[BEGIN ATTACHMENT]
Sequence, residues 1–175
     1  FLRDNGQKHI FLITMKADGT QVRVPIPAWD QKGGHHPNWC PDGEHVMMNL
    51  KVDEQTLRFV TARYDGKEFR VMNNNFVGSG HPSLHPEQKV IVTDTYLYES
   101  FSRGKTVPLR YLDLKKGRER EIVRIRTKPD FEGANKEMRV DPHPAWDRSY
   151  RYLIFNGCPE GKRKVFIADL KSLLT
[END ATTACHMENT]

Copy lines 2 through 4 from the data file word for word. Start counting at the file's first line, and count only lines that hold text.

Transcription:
     1  FLRDNGQKHI FLITMKADGT QVRVPIPAWD QKGGHHPNWC PDGEHVMMNL
    51  KVDEQTLRFV TARYDGKEFR VMNNNFVGSG HPSLHPEQKV IVTDTYLYES
   101  FSRGKTVPLR YLDLKKGRER EIVRIRTKPD FEGANKEMRV DPHPAWDRSY